Setting Active Directory folder permissions on ReadyNAS OS6
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Setting Active Directory folder permissions on ReadyNAS OS6

Setting up Active Directory (AD) permissions allows administrators to assign access policies to secure their environment and lower their maintenance cost by having centralized management.

When you join a ReadyNAS OS6 device to an AD Domain, you are not able to use ReadyCLOUD services with NAS.

Overview

This article describes how to set up shares and sub-folders on a ReadyNAS device to achieve the equivalent Windows file server read/write permissions.

Equipment

  • Windows 2008 Server
  • ReadyNAS 316 unit

Scenario for This Guide

  • A share on ReadyNAS OS6 unit, with sub-folders in a Windows 2008 domain.
  • Within the sub-folders, both public (2014) and private (2013) directories exist.
  • All members of the Domain Users group are allowed to read the public directory in each share.
  • Only members of specific groups, such as SalesExecs, are allowed to read content in the private directory in the share.
  • Users are forbidden to create new directories in the root of the Sales share.

Part 1.  Create a Share on the ReadyNAS Unit

To create a share on the ReadyNAS unit:

 1.  Go to Shares -> New Folder.

 2.  Add the new share name.

In this example, we use Sales.

 3.  Make sure there is a check mark next to SMB check box.

 4.  Configure your continuous protection and compression if needed.

Part 2.  Verify Network Access

To verify network access:

 1.  Verify that the Everyone user is set to Read/Write.

Change this setting if it is not.

 2.  Verify that Allow Anonymous access is cleared.

Part 3.  Set Up Root Share Permissions From a Windows Client

Before you do anything with files or folders within the share, log in to a Windows server as the administrator account.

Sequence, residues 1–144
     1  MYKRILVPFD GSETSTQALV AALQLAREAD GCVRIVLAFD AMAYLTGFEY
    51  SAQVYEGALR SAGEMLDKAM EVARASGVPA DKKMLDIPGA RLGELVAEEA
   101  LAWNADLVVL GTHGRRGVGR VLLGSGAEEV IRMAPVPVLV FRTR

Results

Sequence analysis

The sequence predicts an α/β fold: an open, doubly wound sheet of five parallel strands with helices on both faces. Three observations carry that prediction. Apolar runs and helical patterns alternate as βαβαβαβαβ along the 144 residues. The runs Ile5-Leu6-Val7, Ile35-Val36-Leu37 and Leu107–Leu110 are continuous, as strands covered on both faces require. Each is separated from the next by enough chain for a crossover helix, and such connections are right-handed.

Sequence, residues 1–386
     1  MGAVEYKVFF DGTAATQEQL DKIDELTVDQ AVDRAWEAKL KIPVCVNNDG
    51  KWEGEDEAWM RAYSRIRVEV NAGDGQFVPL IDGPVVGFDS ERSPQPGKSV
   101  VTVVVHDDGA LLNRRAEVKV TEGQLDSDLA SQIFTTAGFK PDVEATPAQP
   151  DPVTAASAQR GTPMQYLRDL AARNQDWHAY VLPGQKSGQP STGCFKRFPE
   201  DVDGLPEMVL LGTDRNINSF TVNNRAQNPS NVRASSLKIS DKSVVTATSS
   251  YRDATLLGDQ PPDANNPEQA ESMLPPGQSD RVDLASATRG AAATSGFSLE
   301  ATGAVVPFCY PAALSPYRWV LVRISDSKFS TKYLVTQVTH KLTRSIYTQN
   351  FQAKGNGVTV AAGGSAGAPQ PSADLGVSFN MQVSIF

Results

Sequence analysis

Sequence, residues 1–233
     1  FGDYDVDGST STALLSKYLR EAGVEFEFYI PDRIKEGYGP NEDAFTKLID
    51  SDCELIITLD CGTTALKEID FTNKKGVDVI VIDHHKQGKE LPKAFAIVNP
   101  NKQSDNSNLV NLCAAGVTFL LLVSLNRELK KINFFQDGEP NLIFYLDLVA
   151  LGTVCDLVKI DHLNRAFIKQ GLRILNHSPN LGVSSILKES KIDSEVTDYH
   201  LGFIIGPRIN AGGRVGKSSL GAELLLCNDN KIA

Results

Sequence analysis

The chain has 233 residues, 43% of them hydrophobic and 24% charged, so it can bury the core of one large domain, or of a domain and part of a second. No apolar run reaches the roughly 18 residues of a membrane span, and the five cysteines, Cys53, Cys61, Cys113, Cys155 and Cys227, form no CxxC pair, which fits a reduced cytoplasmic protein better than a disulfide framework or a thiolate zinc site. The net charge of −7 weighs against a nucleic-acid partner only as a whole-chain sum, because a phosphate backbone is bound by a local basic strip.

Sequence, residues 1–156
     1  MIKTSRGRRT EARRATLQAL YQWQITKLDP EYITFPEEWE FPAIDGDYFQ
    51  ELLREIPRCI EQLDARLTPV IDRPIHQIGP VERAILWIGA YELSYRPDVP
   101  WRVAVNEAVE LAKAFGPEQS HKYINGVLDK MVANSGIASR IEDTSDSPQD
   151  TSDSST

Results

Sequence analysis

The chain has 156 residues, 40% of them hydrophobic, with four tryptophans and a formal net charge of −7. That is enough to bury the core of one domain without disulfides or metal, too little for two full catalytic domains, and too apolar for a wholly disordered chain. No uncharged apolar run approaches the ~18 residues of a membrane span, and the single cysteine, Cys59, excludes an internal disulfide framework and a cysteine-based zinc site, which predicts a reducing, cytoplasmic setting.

Use the account that was used to join the ReadyNAS OS6 device to the domain. This account is usually Administrator or Domain Admin.

To set up root share permissions from a Windows client:

 1.  Go to the ReadyNAS new FQDN.

For example, if the NAS is named NAS1, then open \\nas1.domain.suffix\ in Windows Explorer.

 2.  Right-click on the Sales share and select Properties.

 3.  Select Advanced on the Security tab.

 4.  Select Change Permissions.

 5.  Select Everyone and click the Edit button.

 6.   To disallow all of the allowed permissions, click the Clear All  button and then click the OK button.

 7.  Add the security group Domain Users with reading-rights by allowing read, execute, and list folder-contents.

 8.  Click the OK button and select YES on the following prompt.

CREATOR OWNER and CREATOR GROUP are created by default also. These groups should not be modified.

Part 4.  Create Your Sub-Folder Structure

You are still logged in as the domain administrator.

In our example, the folders are called Public and Protected. The goal is to let the Sales group have write-access to the two sub-folders Public and Protected within the Data folder. All other users should have read-only access to the Public folder.

To create the public folder \\NAS1.domain name.suffix\Sales\2014:

 1.  Right-click on the folder 2014 and select Properties.

 2.  On the Security tab, add the group SalesExecs and grant them Full Control.

 3.  Accept by clicking on the OK button.

All other permissions are inherited from the root share.

To create the protected folder \\NAS1.domain name.suffix\Sales\2013:

 1.  On the Security tab, add the group SalesExecs and grant them Full Control rights.

 2.  Now click the Advanced tab.

 3.  Select the security group Domain Users and select Deny all Permissions except list folder and Read Attributes on the Advanced screen.

 4.  Click the OK button.

 5.  Click the OK button again.

 6.  Select YES on the next prompt.

 7.  On the Properties screen, click the OK button.

Part 5.  Test Permissions

All members of the group SalesExecs can write to both sub-folders, while all members of the group Domain Users are allowed to read the Public folder.

To test the permissions:

 1.  Test the Private Folder permissions.

As the administrator, transfer the Sales Archive for the Private folder to 2013See Object name.

The permissions correctly show the Domain Users having the special read-only permssions and the Sales execs having full control.

 2.  Test the Public Folder permissions.

As the administrator, transfer Sales Archive Public for the Public folder to 2014.

The sharing in this example works as expected. We have full control from the parent folder.

The scenario conditions required the domain users not to access the 2013 folder.

Notes: The deny option does not work with the ReadyNAS OS6 the way you would expect it to work on a Windows Server. Once you have set up everything, always use a Windows client to modify permissions. Do not use the ReadyNAS OS6 Advanced Permissions tab to manage security and refrain from using the File Access:Reset function in the web interface.

 

    Published on: 5/28/2015 2:39:47 PM   |  Last updated: 1/3/2019 3:09:58 PM  
 
 

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